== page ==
In Spider-Man #88, Norman Osborn framed Spider-Man for murder. The results of that frame up make up the four issues that constitute the first line-wide Spider-Man crossover since Peter Parker returned. (It hasn’t actually been that long.)

As far as Norman Osborn’s evil plots go, killing a criminal and making it look like Spider-Man did it is pretty mild. Especially considering all he did during the horrible Clone Saga.

Anyway, there’s a five million dollar bounty out for Spider-Man and so a bunch of villains and bounty hunters are looking to collect, while some Spider Friends are helping.

Like Punisher helps against Shotgun.

He’s actually hired by Norman Osborn to stop the same people who are bounty hunting. Why? To save his grandson Normie. Because Normie has been kidnapped.

You see, Spider-Man has to dodge all these bounty hunters while taking action to find Normie Osborn, who has been kidnapped by a new Green Goblin. See? The Spider Hunt title is a double-meaning: Spider-Man is both being hunted and hunting the Goblin. And now Norman has to protect Spider-Man long enough for Spidey to find his loved one.

The scene where Goblin takes Normie is good.

We see Normie thinking this GG is his dad because, you know, his dad was Green Goblin. Plus we the readers don’t know who this new Goblin is yet, so it’s kind of a misdirect.

I know it’s not sophisticated or anything, but I thought it was a nice touch.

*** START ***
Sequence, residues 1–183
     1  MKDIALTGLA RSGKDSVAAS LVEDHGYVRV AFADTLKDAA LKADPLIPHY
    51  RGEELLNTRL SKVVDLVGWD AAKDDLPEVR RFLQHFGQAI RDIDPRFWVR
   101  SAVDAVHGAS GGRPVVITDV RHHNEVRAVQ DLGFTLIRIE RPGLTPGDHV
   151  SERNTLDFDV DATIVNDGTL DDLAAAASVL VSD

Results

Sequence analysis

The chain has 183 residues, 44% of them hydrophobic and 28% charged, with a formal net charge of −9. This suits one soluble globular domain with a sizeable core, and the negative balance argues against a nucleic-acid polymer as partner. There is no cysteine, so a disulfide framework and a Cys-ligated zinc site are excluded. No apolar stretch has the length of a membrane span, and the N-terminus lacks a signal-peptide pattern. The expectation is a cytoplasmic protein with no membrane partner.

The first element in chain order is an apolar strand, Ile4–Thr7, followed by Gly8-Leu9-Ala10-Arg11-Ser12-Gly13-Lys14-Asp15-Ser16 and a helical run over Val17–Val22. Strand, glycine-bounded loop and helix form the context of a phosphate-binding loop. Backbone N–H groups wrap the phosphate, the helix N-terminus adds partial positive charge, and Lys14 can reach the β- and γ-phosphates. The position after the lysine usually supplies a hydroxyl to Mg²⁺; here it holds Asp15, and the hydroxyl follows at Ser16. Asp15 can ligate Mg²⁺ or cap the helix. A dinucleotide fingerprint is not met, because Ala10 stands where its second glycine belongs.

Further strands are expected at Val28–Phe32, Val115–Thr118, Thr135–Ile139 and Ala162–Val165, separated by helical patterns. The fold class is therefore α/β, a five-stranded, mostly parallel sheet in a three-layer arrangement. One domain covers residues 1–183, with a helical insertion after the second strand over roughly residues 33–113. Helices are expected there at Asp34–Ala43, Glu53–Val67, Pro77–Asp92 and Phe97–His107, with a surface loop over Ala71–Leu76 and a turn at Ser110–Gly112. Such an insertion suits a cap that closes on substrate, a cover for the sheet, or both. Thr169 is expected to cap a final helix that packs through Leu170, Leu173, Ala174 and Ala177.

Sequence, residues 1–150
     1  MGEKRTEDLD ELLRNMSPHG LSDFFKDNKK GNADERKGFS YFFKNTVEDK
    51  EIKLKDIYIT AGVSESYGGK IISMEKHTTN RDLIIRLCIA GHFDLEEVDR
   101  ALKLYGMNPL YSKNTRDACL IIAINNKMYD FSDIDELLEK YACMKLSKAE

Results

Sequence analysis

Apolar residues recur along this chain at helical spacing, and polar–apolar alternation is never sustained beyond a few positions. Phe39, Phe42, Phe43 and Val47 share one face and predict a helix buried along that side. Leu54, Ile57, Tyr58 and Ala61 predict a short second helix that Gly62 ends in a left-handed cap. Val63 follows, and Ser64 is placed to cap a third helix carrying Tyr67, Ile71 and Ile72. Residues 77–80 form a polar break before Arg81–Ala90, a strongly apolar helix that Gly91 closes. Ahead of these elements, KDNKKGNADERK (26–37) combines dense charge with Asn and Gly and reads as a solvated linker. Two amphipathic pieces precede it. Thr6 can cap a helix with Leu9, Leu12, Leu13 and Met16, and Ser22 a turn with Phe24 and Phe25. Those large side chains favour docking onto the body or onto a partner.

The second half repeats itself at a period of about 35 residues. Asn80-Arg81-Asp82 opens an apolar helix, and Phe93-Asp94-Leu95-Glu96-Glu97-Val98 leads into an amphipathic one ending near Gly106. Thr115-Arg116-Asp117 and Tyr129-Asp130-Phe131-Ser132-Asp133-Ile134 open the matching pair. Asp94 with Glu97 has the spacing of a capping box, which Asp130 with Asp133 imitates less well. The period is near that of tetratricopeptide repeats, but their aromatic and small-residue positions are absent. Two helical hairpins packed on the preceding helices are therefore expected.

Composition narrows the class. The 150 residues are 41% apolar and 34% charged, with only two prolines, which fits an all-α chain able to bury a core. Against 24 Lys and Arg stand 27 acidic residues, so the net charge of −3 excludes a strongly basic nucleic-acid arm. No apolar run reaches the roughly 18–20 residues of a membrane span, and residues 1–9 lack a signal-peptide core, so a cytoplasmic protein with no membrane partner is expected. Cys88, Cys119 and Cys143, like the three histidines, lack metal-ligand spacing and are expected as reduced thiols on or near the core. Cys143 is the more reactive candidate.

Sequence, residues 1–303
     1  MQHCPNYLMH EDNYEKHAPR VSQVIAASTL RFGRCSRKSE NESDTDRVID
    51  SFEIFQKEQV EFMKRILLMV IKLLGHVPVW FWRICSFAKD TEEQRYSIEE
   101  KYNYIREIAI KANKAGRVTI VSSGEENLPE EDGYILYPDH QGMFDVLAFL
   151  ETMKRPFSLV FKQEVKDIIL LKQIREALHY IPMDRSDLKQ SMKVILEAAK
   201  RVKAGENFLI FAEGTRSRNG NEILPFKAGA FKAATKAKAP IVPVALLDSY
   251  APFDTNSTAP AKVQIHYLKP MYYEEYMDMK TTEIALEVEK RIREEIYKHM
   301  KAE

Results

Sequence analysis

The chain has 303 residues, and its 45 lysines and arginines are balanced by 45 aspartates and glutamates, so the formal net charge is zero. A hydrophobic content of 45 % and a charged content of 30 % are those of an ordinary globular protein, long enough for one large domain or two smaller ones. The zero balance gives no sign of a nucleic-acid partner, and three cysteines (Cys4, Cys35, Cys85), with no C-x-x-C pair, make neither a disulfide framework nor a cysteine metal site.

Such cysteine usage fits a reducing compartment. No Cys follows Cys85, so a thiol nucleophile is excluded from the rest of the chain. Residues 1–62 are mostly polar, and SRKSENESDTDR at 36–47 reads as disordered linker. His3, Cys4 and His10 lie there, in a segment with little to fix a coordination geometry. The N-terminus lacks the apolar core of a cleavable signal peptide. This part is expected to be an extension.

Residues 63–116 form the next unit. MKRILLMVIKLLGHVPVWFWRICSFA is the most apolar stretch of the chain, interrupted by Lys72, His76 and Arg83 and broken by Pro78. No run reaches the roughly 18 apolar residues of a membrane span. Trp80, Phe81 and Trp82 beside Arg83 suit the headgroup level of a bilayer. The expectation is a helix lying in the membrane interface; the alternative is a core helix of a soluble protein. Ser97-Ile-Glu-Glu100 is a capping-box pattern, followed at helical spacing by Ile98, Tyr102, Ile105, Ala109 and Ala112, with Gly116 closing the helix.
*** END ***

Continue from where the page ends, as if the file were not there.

The whole thing comes to a head when Green Goblin demands the $10 million Norman put up for Spider-Man as a kidnapping ransom. When Goblin goes to collect, Spider-Man gets involved and saves them. New Green Goblin escapes.

And, of course, Norman Osborn admits nothing.

We’re shown that Osborn knows how the new Goblin is, and has him in his employ at the end.

And after all that, Spider-Man is still a wanted criminal. So the “Spider Hunt” really was just Spidey hunting for Normie–because that’s all that gets resolved.

There’s also more of the whole crime families stories with Rose and Black Tarantula.

I wish it were being handled better. Once Tarantula learns Spider-Man is trying to save a kidnapped child because, you know, he may be a mass-murdering criminal but he has standards.

This story is fine for what it is, it just lacks a little drama because we know it’s not going to end with Normie dead or Norman exposed (or Spider-Man dead).

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